David Macaulay at the Tacoma Art Museum

Even though I’ve been in Seattle for nearly three years, I’ve never visited the city with which it shares an airport: Tacoma. I’ve driven though Tacoma on the way to California, but that hardly counts. I’ve always thought of Tacoma as relating to Seattle in the same way that Providence, RI relates to Boston: either could have become the prime location in the region, but the loser was doomed to play second fiddle. Both Tacoma and Providence are interesting, but neither really compares to its northern neighbour.
The idea to visit Tacoma was spurred by coming across an ad for an exhibit at the Tacoma Art Museum on the work of David Macaulay. I’ve been a huge fan of his, ever since his first book “Cathedral“. The exhibit is absolutely first-class, and includes many working drawings, outlines, paper models, and drafts for reworked projects. A large number of the pieces were simply thumb-tacked to the wall, just as if they were in the artist’s studio. The exhibit also included the video of Macaulay’s talk at TED about his Rome project, which helped to put many of the working drawings into perspective. Hmm – “perspective”. Bad choice of word. If you watch the TED talk, you’ll understand why.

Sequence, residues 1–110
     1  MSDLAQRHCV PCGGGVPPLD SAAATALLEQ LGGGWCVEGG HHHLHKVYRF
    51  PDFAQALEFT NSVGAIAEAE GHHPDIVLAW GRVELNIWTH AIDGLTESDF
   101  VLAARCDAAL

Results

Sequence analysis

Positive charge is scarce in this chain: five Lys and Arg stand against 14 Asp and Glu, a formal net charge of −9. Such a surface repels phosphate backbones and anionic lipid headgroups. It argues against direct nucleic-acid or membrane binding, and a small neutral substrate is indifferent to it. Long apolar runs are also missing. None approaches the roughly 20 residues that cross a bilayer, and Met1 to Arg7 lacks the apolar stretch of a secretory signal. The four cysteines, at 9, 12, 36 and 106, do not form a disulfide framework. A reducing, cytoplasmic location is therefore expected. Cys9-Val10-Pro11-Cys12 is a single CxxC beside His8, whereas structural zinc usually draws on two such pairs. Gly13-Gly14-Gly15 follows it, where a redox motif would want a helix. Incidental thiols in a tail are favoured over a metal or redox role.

The Tacoma Art Museum is small, but the exhibits were first class. I loved the series of Salvador Dali etchings in an exhibition on the evolution of surrealism; some seemed close to early Picasso, which surprised me. A collection called Speaking Parts included a quite outstanding piece by Dennis Evans called “Writing Lessons”. If there’s a downside, it’s the over-exposure of Dale Chihuly glass, which is frankly not to my taste. (There’s a dedicated museum of glass just down the road; why couldn’t all of his overwrought neon whorls and orgasmic sea anemones be kept down there?)
We didn’t stay long; after a quick lunch, we had to head back up to Seattle. But I suspect that we’ll be returning soon.